Job 4:1-21

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According to an epilogue in the Septuagint that is not found in the extant Hebrew text, Eliphaz was a descendant of Esau, the twin brother of Jacob and, therefore, also a descendant of Abraham. (42:17e [LXX]) In Genesis 36, verses 10 and 11, Teman is listed among the descendants of Esau. Eliphaz was the first one to respond to Job’s painful lament, suggesting that he may have been the oldest of the three men that had arrived to comfort Job or that he may have been the most prominent among them. The region of Teman came to be known for its wise men (Jeremiah 49:7), and (as evident from verses 9 and 10 of Job chapter 15) Eliphaz considered himself to be wise. His expression about the aged as possessors of wisdom (15:10) could indicate that he was older than Job, Bildad, and Zophar. (4:1)

When responding to what Job had said, Eliphaz spoke with restraint, asking him whether he might become “weary,” dispirited, or impatient (or take offense) if someone tried to speak a “word” to him. Eliphaz perceived what Job had said to be an unjustifiable complaint against God, and this impelled him to speak. This is implied in the wording of the next question. “And to restrain words, who can [that is, who can do so after hearing what Job had said]?” The Septuagint phrases the question somewhat differently. “But who can endure the strength [or the force] of your words?” Eliphaz is thus portrayed as expressing himself to the effect that his only option was to speak up in defense of God. In the Septuagint, the initial question also differs from the Masoretic Text. “Have you often been spoken to [while] in distress?” (4:2)

Eliphaz reminded Job that, in the past, he had instructed many and strengthened weak hands, providing encouragement and comfort to those who were dispirited. (4:3)

With comforting and reassuring words, Job had raised up those who were stumbling. His words must have strengthened them so that they were able to bear the adversity that had befallen them. According to the Septuagint, Job, with his words, raised up those who were weak, powerless, or helpless. The kind of encouragement and comfort Job provided “made firm” the knees that were about to give way, strengthening those who were downcast during the time of their distress or, as expressed in the Septuagint, encompassing weak knees with courage. (4:4)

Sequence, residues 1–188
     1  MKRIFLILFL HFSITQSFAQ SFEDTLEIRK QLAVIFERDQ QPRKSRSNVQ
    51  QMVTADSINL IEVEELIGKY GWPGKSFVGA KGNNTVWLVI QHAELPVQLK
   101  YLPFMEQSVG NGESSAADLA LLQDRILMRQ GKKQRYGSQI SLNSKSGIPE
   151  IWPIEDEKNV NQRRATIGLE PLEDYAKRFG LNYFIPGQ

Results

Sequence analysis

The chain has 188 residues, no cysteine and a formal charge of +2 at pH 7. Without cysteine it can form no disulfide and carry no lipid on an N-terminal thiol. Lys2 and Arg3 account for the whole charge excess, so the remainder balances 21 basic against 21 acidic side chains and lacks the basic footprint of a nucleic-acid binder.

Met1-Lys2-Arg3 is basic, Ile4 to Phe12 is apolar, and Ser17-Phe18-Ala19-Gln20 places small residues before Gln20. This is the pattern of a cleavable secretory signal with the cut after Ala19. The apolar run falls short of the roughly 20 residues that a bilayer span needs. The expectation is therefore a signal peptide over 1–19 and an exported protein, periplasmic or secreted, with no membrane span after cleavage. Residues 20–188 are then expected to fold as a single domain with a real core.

In the estimation of Eliphaz, Job had not responded in a way that should have been expected from a man who had strengthened others. “Affliction” (LXX) or “distress” had come upon him, and he had become “weary,” dispirited, or impatient. It had “touched” him, and he had become “dismayed,” disturbed, or disquieted. The Hebrew word that may be rendered “dismayed” can also mean “hasten” or “make haste,” and this is the rendering in the Septuagint. This could mean that, instead of patiently enduring, he was quick to become irritated by what had befallen him. (4:5; see the Notes section.)

Eliphaz apparently believed that Job’s reaction to what had befallen him could not be that of a reverential man or of a man who was “complete” in his ways (one who conducted himself as a man of integrity). Therefore, he directed the rhetorical question to Job, “[Is] not your fear [of God] your confidence [kisláh], also the completeness [or integrity] of your ways your hope?” The implication of the question appears to be that, if Job had been a God-fearing man of integrity, he should have been confident that everything would turn out well in the end and that this would have been his sure hope or expectation. (4:6)

In the context of verse 6, the Hebrew word kisláh is commonly regarded as denoting “confidence.” It can, however, also mean mean “folly.” (Psalm 85:8[9]) This explains the rendering of the Septuagint. “[Is] then not your fear in folly, also your hope and the innocence of your way?” The wording of the Septuagint suggests that the basis of Job’s fear was folly, as also was the hope he had on the basis of believing that his way or conduct had been innocent or free from evil. (4:6)